Aquarium spa

08. March 2017 hobbies, pet therapy 2
Aquarium spa

Couldn’t resist a beta splendens in a fish bowl yesterday (March 6, 2017). Watching this fish is so relaxing. He simply moves around so slowly and has such a beautiful blue iridescent color. I’ve kept them alive like this for years. Soon as I introduced them to community aquatics (30 gallon) they got bullied to death by other small species. Funny thing about it, folks think they need heaters for the small tanks. Sure, go ahead and cook ’em alive or don’t. If the water is that cold, a small lamp will heat it up. I have a lava lamp near by mainly for the aesthetics. A glass of water comes near to room temperature fairly quickly.  The best thing, I’ve learned, is cooler water holds oxygenation better. Not cold! Cool.

The water looks cloudy in the photos. It gets siphoned off twice a week and settles back down. The fish get fed twice a day, three to five nibbles each. It’s therapeutic to watch ’em eat those tiny morsels. They follow my fingers and eat from the surface. The male has a fine bubble nest but I can’t imagine how difficult it’d be to raise betta babies. Males are awfully aggressive. The lava lamp works as a heat source.

2 thoughts on “Aquarium spa”

  • Season 1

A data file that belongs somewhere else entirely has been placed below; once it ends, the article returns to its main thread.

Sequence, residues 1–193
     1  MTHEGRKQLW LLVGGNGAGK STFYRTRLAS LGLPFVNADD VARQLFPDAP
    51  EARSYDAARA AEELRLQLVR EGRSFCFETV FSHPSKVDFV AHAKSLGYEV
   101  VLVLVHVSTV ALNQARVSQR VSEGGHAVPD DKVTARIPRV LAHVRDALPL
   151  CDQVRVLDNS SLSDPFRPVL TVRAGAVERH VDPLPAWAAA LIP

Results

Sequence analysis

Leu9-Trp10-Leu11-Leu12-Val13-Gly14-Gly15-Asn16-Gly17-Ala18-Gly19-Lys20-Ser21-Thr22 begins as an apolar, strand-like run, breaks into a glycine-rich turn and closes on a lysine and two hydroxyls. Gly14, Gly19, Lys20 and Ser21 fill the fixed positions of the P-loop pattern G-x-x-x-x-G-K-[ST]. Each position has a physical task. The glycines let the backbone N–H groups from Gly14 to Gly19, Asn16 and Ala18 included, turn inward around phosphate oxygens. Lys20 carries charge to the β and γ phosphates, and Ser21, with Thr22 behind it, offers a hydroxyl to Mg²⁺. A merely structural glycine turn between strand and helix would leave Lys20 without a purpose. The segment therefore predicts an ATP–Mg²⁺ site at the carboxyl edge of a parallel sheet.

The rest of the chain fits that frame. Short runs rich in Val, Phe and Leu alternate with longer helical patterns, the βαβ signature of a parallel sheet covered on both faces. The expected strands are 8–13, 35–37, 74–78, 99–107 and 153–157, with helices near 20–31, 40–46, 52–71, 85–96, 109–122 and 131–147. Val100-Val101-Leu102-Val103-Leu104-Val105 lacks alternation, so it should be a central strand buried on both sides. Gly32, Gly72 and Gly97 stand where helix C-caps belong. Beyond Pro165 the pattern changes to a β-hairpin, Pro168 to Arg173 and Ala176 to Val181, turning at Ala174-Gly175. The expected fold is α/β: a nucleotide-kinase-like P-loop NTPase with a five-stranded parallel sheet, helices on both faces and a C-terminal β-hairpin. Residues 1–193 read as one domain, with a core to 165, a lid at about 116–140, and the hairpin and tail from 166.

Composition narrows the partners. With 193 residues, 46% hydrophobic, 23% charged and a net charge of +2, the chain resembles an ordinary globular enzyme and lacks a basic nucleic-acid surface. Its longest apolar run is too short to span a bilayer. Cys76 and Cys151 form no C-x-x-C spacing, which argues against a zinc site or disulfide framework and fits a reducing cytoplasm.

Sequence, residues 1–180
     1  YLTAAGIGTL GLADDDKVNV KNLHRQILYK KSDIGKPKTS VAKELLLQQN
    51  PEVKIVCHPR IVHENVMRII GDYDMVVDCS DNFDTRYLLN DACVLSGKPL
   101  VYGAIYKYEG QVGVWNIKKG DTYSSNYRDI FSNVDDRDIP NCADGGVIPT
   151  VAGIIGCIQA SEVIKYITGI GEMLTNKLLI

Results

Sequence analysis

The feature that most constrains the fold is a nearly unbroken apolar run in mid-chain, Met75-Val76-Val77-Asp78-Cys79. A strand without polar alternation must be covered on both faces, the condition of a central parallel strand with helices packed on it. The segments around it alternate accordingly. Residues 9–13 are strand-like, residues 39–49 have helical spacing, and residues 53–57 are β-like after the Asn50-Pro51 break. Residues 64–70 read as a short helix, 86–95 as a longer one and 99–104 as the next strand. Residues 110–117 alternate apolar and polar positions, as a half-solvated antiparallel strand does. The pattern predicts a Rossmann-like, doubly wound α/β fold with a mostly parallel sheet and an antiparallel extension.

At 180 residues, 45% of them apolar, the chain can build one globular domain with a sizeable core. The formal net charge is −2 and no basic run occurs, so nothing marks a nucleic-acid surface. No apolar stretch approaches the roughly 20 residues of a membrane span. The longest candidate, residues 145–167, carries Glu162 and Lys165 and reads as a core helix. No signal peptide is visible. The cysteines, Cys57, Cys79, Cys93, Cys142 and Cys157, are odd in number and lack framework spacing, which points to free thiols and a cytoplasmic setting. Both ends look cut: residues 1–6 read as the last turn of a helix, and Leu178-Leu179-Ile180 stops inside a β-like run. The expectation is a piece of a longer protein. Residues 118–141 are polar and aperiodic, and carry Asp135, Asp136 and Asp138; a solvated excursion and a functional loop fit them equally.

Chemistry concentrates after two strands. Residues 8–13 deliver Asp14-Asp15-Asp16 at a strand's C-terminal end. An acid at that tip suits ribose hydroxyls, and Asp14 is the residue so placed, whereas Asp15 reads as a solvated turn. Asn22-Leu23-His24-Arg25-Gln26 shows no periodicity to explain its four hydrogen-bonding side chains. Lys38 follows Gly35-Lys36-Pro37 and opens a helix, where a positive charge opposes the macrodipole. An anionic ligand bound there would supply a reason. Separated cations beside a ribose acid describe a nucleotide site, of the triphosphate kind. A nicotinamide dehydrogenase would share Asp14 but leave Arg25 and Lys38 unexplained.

Season on March 22, 2017 Reply

    I’ve added a female betta to the mix. She lives separately in another bowl. A vivid blue, same color as the stud, she’s thriving while I’m enjoying their company. I have large pebbles instead of tiny gravel and change 20% of the water twice a week.

  • Season 2
    Season on July 28, 2017 Reply

    This experiment was fun while it lasted. Both fish bowl beta’s died last month. My daughter’s 10 gallon aquarium is doing okay. The blue crayfish was my favorite character. It was too destructive though. My other daughter’s 25 gallon is splendid. That one is full of live plants. I’m impressed with all the love she’s put into it.

    Furry pets are keeping me busy. Two ferrets, three cats, and two dogs are simpler and more lovable. My beta’s were trained and hardy. It was interesting to see something so tiny (2″) that responded so well to feeding schedules.

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